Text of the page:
response.flash = 'form has errors'
   return dict(form=form)

Here is the page:


There is a link called "dog.owner". The name of this link can be changed via the labels argument of the SQLFORM, for example:

labels = {'dog.owner':"This person's dogs"}

If you click on the link you get directed to:


"list_records" is the specified action, with request.args(0) set to the name of the referencing table and request.vars.query set to the SQL query string. The query string in the URL contains the value "dog.owner=5" appropriately url-encoded (web2py decodes this automatically when the URL is parsed).

You can easily implement a very general "list_records" action as follows:

def list_records():
    import re
    REGEX = re.compile('^(\w+).(\w+).(\w+)\=\=(\d+)$')
    match = REGEX.match(request.vars.query)
    if not match:
    table, field, id =,,
    records = db(db[table][field]==id).select()
    return dict(records=records)

with the associated "default/list_records.html" view:

{{extend 'layout.html'}}

When a set of records is returned by a select and serialized in a view, it is first converted into a SQLTABLE object (not the same as a Table) and then serialized into an HTML table, where each field corresponds to a table column.

Pre-populating the form

It is always possible to pre-populate a form using the syntax: = 'fieldvalue'

Statements like the one above must be inserted after the form declaration and before the form is accepted, whether or not the field ("name" in the example) is explicitly visualized in the form.

Adding extra form elements to SQLFORM

Sometimes you may wish to add an extra element to your form after it has been created. For example, you may wish to add a checkbox which confirms the user agrees with the terms and conditions of your website:

form = SQLFORM(db.yourtable)
my_extra_element = TR(LABEL('I agree to the terms and conditions'),                       INPUT(_name='agree',value=True,_type='checkbox'))

The variable my_extra_element should be adapted to the formstyle. In this example, the default formstyle='table3cols' has been assumed.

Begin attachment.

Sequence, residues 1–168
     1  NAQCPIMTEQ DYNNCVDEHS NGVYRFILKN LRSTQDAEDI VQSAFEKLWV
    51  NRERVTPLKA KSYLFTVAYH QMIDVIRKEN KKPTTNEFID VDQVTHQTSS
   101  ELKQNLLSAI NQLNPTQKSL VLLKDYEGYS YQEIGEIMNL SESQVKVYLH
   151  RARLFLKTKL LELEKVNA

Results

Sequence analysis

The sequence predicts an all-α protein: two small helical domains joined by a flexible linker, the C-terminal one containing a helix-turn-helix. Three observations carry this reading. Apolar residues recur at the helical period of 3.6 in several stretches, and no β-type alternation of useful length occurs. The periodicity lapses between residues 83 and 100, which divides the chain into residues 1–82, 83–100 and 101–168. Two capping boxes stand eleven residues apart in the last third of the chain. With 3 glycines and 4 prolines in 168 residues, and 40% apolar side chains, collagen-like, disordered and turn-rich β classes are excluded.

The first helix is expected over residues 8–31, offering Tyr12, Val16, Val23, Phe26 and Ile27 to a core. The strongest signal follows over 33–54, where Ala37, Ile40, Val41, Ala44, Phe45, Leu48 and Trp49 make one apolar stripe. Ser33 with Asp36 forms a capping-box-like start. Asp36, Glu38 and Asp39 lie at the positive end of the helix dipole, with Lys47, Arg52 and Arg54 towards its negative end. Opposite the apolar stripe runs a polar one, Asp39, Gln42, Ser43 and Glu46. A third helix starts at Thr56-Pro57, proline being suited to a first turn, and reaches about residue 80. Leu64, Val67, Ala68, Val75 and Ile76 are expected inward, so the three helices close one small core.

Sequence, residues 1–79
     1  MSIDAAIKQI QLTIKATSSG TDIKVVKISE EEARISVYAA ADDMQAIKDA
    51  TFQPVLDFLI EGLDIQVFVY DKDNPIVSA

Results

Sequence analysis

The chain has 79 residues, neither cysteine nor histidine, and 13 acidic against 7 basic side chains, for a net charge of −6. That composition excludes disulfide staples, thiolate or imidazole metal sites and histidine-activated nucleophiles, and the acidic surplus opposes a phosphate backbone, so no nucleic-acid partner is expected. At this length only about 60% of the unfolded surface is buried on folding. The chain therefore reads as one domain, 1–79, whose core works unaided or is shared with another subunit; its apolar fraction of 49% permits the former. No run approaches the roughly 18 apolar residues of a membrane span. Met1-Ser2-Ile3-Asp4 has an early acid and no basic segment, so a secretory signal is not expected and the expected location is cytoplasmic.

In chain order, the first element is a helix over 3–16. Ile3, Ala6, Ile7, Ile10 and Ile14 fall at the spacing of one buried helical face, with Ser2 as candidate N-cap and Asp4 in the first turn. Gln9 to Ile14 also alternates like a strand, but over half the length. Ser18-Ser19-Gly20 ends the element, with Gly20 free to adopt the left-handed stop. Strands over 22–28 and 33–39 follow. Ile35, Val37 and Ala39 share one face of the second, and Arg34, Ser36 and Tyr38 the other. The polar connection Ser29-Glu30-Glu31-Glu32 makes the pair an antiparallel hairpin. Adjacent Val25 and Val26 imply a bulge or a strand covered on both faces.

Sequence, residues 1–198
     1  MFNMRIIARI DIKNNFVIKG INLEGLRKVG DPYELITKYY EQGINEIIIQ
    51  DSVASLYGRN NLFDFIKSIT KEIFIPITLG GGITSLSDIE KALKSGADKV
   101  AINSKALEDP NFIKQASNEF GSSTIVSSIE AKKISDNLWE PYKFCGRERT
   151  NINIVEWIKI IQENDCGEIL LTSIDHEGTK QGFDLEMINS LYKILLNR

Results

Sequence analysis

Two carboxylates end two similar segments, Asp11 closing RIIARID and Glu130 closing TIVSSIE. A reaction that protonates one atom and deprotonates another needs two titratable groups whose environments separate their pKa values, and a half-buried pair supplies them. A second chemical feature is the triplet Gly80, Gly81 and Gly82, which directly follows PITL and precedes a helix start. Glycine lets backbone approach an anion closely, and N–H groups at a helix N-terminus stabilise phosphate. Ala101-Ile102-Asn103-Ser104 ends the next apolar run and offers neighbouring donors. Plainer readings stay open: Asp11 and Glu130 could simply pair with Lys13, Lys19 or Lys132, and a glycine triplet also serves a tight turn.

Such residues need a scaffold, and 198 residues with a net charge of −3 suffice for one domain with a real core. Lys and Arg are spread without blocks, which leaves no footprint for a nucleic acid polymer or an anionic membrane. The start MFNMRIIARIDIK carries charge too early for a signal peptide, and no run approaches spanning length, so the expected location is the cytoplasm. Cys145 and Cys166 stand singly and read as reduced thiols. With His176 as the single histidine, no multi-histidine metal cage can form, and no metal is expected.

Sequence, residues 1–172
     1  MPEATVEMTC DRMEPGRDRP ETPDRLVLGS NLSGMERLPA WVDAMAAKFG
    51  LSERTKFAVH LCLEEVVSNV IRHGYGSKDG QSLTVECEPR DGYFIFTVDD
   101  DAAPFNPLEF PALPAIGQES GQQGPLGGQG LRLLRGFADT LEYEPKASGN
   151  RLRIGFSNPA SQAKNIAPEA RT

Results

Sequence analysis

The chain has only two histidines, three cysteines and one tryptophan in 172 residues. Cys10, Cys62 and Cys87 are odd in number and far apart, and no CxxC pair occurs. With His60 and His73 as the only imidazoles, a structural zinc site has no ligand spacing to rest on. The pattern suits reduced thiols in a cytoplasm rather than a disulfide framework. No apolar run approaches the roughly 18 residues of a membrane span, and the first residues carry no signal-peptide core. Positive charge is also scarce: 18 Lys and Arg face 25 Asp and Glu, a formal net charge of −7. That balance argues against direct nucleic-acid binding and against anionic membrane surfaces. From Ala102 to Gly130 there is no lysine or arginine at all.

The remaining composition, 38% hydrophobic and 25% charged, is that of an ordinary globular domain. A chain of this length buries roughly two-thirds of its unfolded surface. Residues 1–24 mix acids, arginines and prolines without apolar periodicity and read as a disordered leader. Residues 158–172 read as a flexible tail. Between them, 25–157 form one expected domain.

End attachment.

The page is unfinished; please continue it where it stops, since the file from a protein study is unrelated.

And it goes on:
After submission, form.vars.agree will contain the status of the checkbox, which could then be used in an onvalidation function, for instance.

SQLFORM without database IO

There are times when you want to generate a form from a database table using SQLFORM and you want to validate a submitted form accordingly, but you do not want any automatic INSERT/UPDATE/DELETE in the database. This is the case, for example, when one of the fields needs to be computed from the value of other input fields. This is also the case when you need to perform additional validation on the inserted data that cannot be achieved via standard validators.

This can be done easily by breaking:

form = SQLFORM(db.person)
if form.process().accepted:
    response.flash = 'record inserted'


form = SQLFORM(db.person)
if form.validate():
    ### deal with uploads explicitly = db.person.insert(**dict(form.vars))
    response.flash = 'record inserted'

The same can be done for UPDATE/DELETE forms by breaking:

form = SQLFORM(db.person,record)
if form.process().accepted:
    response.flash = 'record updated'


form = SQLFORM(db.person,record)
if form.validate():
    if form.deleted:
    response.flash = 'record updated'

In the case of a table including an "upload"-type field ("fieldname"), both process(dbio=False) and validate() deal with the storage of the uploaded file as if process(dbio=True), the default behavior.

The name assigned by web2py to the uploaded file can be found in:


Other types of Forms


There are cases when you want to generate forms as if you had a database table but you do not want the database table. You simply want to take advantage of the SQLFORM capability to generate a nice looking CSS-friendly form and perhaps perform file upload and renaming.

This can be done via a form_factory. Here is an example where you generate the form, perform validation, upload a file and store everything in the session :

def form_from_factory():
    form = SQLFORM.factory(
        Field('your_name', requires=IS_NOT_EMPTY()),
        Field('your_image', 'upload'))
    if form.process().accepted:
        response.flash = 'form accepted'
        session.your_name = form.vars.your_name
        session.your_image = form.vars.your_image
    elif form.errors:
        response.flash = 'form has errors'
    return dict(form=form)

The Field object in the SQLFORM.factory() constructor is fully documented in the DAL chapter. A run-time construction technique for SQLFORM.factory() is

fields = []

Here is the "default/form_from_factory.html" view:

{{extend 'layout.html'}}

You need to use an underscore instead of a space for field labels, or explicitly pass a dictionary of labels to form_factory, as you would for a SQLFORM. By default SQLFORM.factory generates the form using html "id" attributes generated as if the form was generated from a table called "no_table". To change this dummy table name, use the table_name attribute for the factory:

form = SQLFORM.factory(...,table_name='other_dummy_name')

Changing the table_name is necessary if you need to place two factory generated forms in the same table and want to avoid CSS conflicts.

Uploading files with SQLFORM.factory

One form for multiple tables

It often happens that you have two tables (for example 'client' and 'address' which are linked together by a reference and you want to create a single form that allows to insert info about one client and its default address. Here is how:


    Field('client','reference client',


def register():